Hippocampus nalu - South African pygmy seahorse, Sodwana Bay

An adult male Sodwana seahorse (Hippocampus nalu). Credit: Richard Smith

Seahorses are threatened all around the world. Many species are at risk of becoming extinct because of human activities such as bottom trawling, over-fishing, and habitat destruction. As a result, several species are listed on the IUCN Red List of Threatened Species. However, to date no pygmy seahorses are considered threatened – because we simply do not know enough about them. By discovering more species, and learning more about these tiny creatures, scientists can offer advice on how best to protect them.

Pygmy seahorses can also provide an important boost for tourism: scuba divers love these small species and are willing to travel far and wide for a chance to see them. If coastal communities and scuba divers alike are taught about the best ways to protect these species and others in the oceans, there can be huge economic and social benefits.

The most astonishing part of this discovery is that it didn’t start in a laboratory, or with keen scientific minds assessing the likelihood of finding a pygmy seahorse in African waters. Instead, it began with a photograph.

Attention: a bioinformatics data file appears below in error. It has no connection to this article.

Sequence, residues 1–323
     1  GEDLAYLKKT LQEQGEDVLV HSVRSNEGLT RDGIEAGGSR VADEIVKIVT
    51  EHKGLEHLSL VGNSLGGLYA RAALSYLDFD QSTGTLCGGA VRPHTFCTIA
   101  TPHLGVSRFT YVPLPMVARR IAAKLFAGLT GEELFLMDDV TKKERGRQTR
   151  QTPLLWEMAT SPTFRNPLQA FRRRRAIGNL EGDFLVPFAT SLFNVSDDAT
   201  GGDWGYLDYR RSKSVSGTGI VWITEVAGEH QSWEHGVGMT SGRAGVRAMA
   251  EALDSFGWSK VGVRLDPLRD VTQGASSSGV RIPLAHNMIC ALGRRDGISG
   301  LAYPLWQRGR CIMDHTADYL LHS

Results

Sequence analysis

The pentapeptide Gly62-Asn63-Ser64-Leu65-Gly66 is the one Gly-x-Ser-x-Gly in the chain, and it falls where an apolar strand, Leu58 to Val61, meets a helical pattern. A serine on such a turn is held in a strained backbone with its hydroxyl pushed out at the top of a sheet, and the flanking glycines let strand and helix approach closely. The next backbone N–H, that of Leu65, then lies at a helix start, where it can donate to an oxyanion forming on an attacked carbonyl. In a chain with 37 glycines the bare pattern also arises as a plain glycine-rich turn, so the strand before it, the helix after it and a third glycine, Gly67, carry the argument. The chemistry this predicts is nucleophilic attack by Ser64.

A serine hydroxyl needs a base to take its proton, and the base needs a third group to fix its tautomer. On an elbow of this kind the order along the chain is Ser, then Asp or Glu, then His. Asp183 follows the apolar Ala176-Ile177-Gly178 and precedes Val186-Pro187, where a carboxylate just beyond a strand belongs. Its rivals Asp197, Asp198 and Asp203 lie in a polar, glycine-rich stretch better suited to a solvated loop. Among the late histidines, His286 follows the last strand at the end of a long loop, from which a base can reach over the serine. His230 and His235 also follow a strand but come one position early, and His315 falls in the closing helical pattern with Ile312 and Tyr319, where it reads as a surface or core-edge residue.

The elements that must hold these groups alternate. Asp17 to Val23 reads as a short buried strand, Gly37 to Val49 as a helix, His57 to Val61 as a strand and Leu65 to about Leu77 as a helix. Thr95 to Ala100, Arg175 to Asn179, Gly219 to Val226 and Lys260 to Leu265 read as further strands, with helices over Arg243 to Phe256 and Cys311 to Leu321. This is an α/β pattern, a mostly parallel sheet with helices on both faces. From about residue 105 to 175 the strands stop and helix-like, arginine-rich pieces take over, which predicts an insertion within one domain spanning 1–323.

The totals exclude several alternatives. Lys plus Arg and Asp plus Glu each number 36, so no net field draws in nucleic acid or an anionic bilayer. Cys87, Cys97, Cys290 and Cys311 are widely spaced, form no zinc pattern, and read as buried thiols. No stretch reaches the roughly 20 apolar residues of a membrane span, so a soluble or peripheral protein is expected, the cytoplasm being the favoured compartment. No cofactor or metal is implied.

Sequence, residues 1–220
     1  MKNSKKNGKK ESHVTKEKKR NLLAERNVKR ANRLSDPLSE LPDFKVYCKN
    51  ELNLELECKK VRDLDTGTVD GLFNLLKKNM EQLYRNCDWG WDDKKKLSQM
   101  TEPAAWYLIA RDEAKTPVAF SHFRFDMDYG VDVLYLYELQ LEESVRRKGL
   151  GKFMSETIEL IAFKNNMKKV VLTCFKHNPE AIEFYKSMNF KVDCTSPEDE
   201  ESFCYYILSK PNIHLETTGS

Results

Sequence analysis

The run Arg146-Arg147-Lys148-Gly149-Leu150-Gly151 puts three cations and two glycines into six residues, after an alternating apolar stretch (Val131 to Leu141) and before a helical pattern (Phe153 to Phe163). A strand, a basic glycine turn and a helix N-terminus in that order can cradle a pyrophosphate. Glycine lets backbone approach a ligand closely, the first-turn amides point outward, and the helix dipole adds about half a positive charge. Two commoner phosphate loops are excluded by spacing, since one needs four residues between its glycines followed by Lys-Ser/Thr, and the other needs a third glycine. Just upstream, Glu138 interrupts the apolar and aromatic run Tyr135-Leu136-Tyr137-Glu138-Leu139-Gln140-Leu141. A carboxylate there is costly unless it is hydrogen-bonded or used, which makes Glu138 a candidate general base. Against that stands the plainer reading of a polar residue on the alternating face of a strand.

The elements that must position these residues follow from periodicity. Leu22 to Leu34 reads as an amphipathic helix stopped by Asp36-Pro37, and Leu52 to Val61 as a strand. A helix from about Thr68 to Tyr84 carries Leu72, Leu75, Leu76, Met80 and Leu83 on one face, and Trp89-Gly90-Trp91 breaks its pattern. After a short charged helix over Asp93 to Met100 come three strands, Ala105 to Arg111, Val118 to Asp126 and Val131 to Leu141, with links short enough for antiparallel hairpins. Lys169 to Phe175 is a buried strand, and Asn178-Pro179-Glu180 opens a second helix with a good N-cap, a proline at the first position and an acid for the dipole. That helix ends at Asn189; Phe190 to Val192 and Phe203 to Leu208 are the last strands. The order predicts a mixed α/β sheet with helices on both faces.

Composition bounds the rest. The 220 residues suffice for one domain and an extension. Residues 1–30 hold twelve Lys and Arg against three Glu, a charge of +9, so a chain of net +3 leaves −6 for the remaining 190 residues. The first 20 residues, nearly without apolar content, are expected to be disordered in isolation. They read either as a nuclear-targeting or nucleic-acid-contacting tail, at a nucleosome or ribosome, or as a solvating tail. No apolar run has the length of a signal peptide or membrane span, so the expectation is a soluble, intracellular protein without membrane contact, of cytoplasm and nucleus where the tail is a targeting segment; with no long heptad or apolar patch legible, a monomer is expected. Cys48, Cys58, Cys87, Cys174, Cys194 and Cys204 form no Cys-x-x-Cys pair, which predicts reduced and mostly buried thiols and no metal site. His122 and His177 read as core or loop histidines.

Tracking the seahorse

Dr Louw Claassens and Dr Dave Harasti arrived in Sodwana in early 2018 looking for an entirely different animal: a seahorse-like species called a pygmy pipehorse. But then a local dive guide named Savannah Olivier showed them a photograph of a very small seahorse. The scientists recognised it as a pygmy seahorse, which are supposed to live an entire ocean away. South Africa is home to four other seahorse species, but this was the first time a pygmy seahorse had been observed in South Africa, let alone Africa.

Nine months later Louw returned to Sodwana Bay, this time accompanied by Dr Richard Smith, a pygmy seahorse expert. They, with Olivier, found a pair of the tiny pygmy seahorses along a rock face at about 15m depth. The little creatures were grasping on to slivers of algae amid raging surging seas. The reefs of Sodwana Bay are exposed to the swells of the Indian Ocean, very unlike the more sheltered coral reef settings in the tropical Pacific where the other known pygmy seahorses are found.

Later they even found a tiny juvenile measuring just a centimetre in length, which was dwarfed by a diver’s finger.

Juvenile Hippocampus nalu - South African pygmy seahorse, Sodwan